Hindrances to a mind stayed on God

There are two hindrances to a steady mind.

1. The loving of unlawful things.

2. The loving of lawful things with inordinate affection. (J. Summerfield, M. A.)

Perfect peace

I. THE PROMISED GIFT. “Peace.” Not freedom from sorrow, not assured prosperity, not a certainty of success, but inward tranquillity, ease of heart, without which even prosperity would be a burden. Not the simulated contentment of indifference. Not the cynical self-complacency of moral blindness. Not the dull stupefaction of despair. There is peace--

1. Amid personal anxieties. These come to God’s people as well as to the world. But the effects they produce in each are very different.

2. Amid the contests of the world. The nations are at strife. Good is at war with evil. The noblest institutions are threatened. Lawlessness stalks forth threatening all that is true. But the Christian has peace in his dwellings.

3. Amid the struggles of sin and the assaults of the evil one. The remorse of sin, the anxieties of sin, all disturb the soul, but here is peace.

4. In the conflicting emotions of sickness, the pain of death, and the realities of a future world.

II. THE CONDITION EXACTED. Faith. “Whose mind is stayed on Thee.” This act assures us of the promise--

1. Because it is the carrying out of the Divine requirement. It is God’s own condition, God’s own plan, and unless that is complied with no man can hope to obtain the fulfilment of the promise.

2. Because it is in itself a calming, sanctifying act. The man who casts all his cares upon God, feels no responsibility resting on himself. He who leaves his sins on Christ ceases to trouble about the consequences of those sins, so far as he himself is concerned. The man who leaves all events in the hands of One who knows all, feels that whatever happens all is for the best. How can such feel anything but peace? The great thing wanting is the power to place such unreserved confidence on an unseen Being.

III. THE SAFE ASSURANCE. Thou wilt keep. Here is a sure ground of confidence--the promise and power of the Author and Ruler of the universe. “Thou.”

1. Here is the source of all strength; He is therefore able.

2. Here is the source of all love; He is therefore willing.

3. He is the supplier of all comfort, the refuge of all the oppressed. If peace exists at all, surely It can be obtained from Him. (Homilist.)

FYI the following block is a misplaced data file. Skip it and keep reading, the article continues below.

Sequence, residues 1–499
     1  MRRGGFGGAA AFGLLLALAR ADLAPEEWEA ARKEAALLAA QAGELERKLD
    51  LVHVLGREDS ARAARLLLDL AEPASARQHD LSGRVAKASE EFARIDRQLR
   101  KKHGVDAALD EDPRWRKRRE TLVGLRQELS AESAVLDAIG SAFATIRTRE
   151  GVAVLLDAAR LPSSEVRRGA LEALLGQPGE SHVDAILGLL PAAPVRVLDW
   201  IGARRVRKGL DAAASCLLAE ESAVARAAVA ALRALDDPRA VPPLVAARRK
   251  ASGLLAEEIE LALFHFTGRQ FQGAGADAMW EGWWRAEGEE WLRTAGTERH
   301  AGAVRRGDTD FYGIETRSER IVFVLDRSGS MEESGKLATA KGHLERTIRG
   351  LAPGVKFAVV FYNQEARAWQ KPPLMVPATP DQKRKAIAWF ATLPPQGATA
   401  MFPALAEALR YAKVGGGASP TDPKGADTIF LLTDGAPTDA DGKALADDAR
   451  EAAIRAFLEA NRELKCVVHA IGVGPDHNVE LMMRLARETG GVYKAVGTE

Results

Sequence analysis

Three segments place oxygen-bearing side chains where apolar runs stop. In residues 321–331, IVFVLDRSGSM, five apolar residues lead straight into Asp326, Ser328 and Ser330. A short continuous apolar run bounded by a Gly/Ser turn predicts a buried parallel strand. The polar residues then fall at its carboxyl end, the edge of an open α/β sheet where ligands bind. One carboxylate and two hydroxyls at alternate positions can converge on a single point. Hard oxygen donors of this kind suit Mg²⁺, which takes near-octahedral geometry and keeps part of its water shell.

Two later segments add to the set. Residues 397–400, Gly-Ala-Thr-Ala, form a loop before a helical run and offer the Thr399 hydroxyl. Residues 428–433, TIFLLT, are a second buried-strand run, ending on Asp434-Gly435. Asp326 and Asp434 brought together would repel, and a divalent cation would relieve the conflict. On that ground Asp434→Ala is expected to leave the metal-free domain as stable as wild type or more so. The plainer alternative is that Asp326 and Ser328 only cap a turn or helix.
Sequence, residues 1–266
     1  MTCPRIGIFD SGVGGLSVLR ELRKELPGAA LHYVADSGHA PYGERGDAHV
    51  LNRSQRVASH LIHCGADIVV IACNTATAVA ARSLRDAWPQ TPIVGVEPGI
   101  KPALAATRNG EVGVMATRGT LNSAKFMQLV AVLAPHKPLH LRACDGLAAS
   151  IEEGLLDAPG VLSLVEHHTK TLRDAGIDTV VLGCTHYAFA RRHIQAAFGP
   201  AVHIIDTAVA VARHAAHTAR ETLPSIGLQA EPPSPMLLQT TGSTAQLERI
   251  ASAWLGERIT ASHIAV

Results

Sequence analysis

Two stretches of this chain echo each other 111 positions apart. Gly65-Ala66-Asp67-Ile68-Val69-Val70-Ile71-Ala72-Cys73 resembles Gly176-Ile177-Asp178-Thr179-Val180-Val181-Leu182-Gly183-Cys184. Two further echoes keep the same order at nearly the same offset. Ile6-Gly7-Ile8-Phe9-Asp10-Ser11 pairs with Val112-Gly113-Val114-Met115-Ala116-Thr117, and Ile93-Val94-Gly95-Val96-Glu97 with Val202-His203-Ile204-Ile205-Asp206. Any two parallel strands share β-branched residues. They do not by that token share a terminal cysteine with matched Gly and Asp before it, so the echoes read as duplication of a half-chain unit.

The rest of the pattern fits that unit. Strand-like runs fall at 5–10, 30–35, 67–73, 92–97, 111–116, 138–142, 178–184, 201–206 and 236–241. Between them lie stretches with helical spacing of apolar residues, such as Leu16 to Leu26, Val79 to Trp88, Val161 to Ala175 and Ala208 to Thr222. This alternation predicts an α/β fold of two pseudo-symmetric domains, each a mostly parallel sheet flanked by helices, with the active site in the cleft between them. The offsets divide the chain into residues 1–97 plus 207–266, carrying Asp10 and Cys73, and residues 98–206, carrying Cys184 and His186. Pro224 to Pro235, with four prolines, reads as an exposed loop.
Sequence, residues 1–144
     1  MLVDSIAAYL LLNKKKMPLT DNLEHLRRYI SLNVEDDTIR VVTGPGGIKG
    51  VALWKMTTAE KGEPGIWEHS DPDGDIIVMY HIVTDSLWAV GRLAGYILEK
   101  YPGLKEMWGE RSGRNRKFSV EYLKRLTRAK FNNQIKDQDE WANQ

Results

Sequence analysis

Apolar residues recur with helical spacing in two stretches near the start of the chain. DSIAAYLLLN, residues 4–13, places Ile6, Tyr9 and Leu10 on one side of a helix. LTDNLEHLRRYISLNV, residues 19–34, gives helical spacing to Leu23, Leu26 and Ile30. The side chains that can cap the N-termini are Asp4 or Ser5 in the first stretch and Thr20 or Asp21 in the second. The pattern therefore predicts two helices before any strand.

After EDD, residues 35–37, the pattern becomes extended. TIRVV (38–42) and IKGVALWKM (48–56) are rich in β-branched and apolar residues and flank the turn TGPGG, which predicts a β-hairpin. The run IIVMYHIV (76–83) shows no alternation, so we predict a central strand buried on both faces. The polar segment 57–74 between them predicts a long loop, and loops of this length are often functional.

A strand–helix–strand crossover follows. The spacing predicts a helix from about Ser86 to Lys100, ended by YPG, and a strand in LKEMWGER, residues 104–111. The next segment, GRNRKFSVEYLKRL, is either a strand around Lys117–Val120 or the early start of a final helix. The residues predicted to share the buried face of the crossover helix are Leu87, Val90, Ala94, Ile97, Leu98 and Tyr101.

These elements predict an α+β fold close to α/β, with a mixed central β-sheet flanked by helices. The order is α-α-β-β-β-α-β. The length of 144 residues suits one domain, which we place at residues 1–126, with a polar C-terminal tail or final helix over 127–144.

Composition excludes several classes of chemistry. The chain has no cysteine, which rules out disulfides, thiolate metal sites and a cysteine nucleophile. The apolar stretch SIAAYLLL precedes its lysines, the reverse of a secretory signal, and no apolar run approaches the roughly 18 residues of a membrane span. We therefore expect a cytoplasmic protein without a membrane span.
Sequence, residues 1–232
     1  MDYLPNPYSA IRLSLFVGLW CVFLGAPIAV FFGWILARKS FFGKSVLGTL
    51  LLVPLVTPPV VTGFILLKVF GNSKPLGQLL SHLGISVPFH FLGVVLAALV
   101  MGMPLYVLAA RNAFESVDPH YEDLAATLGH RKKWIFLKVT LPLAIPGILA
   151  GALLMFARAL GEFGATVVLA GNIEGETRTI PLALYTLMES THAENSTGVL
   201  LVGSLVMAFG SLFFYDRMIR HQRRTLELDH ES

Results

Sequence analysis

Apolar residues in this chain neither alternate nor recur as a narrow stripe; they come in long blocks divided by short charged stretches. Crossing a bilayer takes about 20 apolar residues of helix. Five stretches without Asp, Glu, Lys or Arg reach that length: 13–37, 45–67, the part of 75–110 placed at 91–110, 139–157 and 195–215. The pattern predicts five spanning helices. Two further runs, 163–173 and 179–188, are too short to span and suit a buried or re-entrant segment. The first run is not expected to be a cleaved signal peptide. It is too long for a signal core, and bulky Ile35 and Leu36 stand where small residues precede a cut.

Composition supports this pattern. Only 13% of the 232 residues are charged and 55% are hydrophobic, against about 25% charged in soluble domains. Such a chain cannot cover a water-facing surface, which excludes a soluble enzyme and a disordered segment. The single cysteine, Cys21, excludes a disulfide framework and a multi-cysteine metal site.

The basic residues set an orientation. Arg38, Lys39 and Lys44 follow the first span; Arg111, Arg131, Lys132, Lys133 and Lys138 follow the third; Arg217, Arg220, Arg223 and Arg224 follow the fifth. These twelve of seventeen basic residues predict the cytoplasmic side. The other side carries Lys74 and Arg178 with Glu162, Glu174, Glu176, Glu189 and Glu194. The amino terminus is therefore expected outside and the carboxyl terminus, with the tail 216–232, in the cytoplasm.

The song of a city and the pearl of peace


1. This “peace, peace” means, an absence of all war, and of all alarm of war.

2. This perfect peace reigns over all things within its circle.

3. No perfect peace can be enjoyed unless every secret cause of fear is met and removed.

4. Peace in a city would not be consistent with the stoppage of commerce. Where there is perfect peace with God, commerce prospers between the soul and Heaven. Good men commune with the good, and thereby their sense of peace increases. If you have perfect peace, you have fellowship with all the saints; personal jealousies, sectarian bitternesses, and unholy emulations are all laid aside.

5. It consists in rest of the soul ; a perfect resignation to the Divine will; sweet confidence in God; a blessed contentment.

6. It means freedom from everything like despondency.

7. There we are kept from everything like rashness.

II. WHO ALONE CAN GIVE US THIS PEACE AND PRESERVE IT IN US? How does the Lord keep His people in peace?

1. By a special operation upon the mind in the time of trial (Isaiah 26:12).

2. By the operation of certain considerations intended by His infinite wisdom to work in that manner.

3. By the distinct operations of His providence.

III. WHO SHALL OBTAIN THIS PEACE? The whole of our being is stayed upon God in order to this peace.


1. That in faith there is a tendency to create and nourish peace.

2. His faith is rewarded by peace.

3. This peace comes out of faith because it is faith’s way of proclaiming itself. (C. H. Spurgeon.)

Peace not from nature, but from God

Man alone of all created beings of whom we know anything seems strangely out of harmony with the circumstances with which he is surrounded, and the conditions of his existence. Everything around us, and much within us, seems specially designed to militate against the possibility of peace.

1. If man is to be at peace, why does he hold his very life, and everything else that he values best, on the most precarious tenure? The lower animals are exposed to nothing like the same number of uncertainties; they, for the most part, live out their own appointed span of existence, while, on the other hand, their incapacity for reflection saves them those gloomy apprehensions of possible disaster, and that still sadder certain anticipation of ultimate dissolution, which cast so dark a shadow over the experience of man just because he can and must think, Man’s affections are immeasurably more intense than theirs, and yet he knows what they do not, that at any moment he may be robbed of all he loves most; thus the very strength of his affections militates against his peace. They seem incapable of care, and what they need usually comes to them without any laborious provision. He has to exercise forethought and skill, and to expend much patient labour before he can hope to obtain so much as the bare necessaries of life; and even then he cannot make sure of these, owing to the apparent caprices of nature.